From melting ice sheets to the mental health challenges of fieldwork, here are some of the Imperial stories which made us think in 2018.
Sleeping giantIn September, Imperial experts predicted that sustained Antarctic warming could melt the largest ice sheet on Earth.
The research on Antarctic sediment layers retreated during extended warm periods in the past - when temperatures were like those predicted for this century.
The study suggested that 2°C warming in Antarctica, if sustained over a couple of millennia, would lead to melting in an area of the EAIS that lies below sea level. This has implications for rising sea levels and highlights global warming’s threat to human civilisation.
Read more: Moderate warming, if sustained, could melt the ‘sleeping giant’ of Antarctica
Privacy attackIn April, data security expert Dr Yves-Alexandre de Montjoye warned of the risk of privacy attacks that happen through friends.
In a paper , Dr de Montjoye of Imperial’s Data Science Institute and Department of Computing , said: “In our modern networked societies, privacy is a shared responsibility, because the people we interact with affect our privacy. What’s worrying is that an online friend can, often without knowing it, share your data and that of other friends just by downloading seemingly innocent apps.”
Read more: Cambridge Analytica is “only the beginning”: Imperial data expert weighs in
Sound scienceNot all news was alarming in 2018 - a lot of it offered hope for the future. In July, health researchers revealed that using high energy ultrasound beams to destroy prostate cancer tumours may be as effective as surgery or radiotherapy, but with fewer side effects.
The study , carried out at six hospitals across the UK, tracked 625 men with prostate cancer who received a type of treatment called high-intensity focused ultrasound (HIFU).
Professor Hashim Ahmed , lead author from the Department of Surgery and Cancer said:“This latest trial of focal HIFU - which is the largest and longest study of the treatment to date - suggests we may be able to tackle the cancer with fewer side effects.”
Read more: Prostate cancer ultrasound treatment as effective as surgery or radiotherapy
Mental health in the fieldIn September, an Imperial geologist brought to attention the often challenging nature of field work on researchers.
Dr Cédric John , from the Department of Earth Science & Engineering , wrote a Nature Geoscience comment piece with Saira Khan from City University London , in which they identify some major obstacles to mental wellbeing on trips, and how they might be overcome.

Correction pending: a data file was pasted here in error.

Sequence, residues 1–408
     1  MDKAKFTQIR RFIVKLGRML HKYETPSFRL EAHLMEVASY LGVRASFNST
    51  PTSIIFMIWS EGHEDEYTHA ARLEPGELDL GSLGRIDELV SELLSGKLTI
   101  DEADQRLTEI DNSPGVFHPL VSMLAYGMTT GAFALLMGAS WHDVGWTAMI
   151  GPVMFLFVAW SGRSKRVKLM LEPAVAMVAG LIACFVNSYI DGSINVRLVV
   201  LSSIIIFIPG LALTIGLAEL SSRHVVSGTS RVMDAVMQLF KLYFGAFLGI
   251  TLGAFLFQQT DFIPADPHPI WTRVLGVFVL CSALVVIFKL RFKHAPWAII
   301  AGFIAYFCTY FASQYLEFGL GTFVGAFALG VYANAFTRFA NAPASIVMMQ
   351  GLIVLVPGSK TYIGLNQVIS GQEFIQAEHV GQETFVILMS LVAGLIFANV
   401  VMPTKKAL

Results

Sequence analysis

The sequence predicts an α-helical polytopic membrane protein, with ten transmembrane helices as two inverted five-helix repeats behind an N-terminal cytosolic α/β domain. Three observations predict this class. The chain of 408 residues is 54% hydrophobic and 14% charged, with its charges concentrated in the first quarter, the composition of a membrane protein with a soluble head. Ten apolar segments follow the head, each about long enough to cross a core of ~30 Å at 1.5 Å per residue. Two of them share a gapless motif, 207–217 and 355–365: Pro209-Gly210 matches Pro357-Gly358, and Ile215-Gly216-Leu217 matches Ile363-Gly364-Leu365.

In a Q&A for the Imperial News site, Dr John said:
“The romantic notion of the hardy geologist - one who embraces the elements for months on end and loves the outdoors - can harm individuals who don’t fall under the stereotype. It’s a great example of big expectations causing harm when the reality falls short.”
Read more: Imperial geologist tackles field trip mental health
On a related note, Imperial staff came forward late this year to share their experiences of mental health and work in a powerful video.
Nuclear truthNuclear power will be essential for meeting the UK’s greenhouse gas targets, concluded a report published in July by Imperial energy experts.
In the summer, the Grantham Institute - Climate Change and the Environment and the Centre for Nuclear Engineering at Imperial hosted a panel discussion to debate how nuclear power could help to curb emissions and the role for this technology in the future. The event marked the launch of the Institute’s briefing paper: The role of nuclear electricity in a low-carbon world
Read more: "Nuclear energy is not as risky as climate change"
Chronic disease failingsPeople in the UK, US and China have a higher risk of dying early from chronic conditions than those in Italy, France, South Korea and Australia. This was the headline finding of the most detailed global analysis of deaths from so-called non-communicable disease (NCDs) - chronic conditions including cancer, cardiovascular disease, chronic respiratory disease, and diabetes.
Professor Majid Ezzati , from Imperial’s School of Public Health, who led the study, said: “Non-communicable diseases are the main cause of premature death for most countries. Poverty, uncontrolled marketing of alcohol and tobacco by multinational industries, and weak health care systems are making chronic diseases a larger danger to human health than traditional foes such as bacteria and viruses.”
Read more: Most nations falling short of targets to cut early deaths from chronic disease
Other health-related stories which gave us pause for thought in 2018: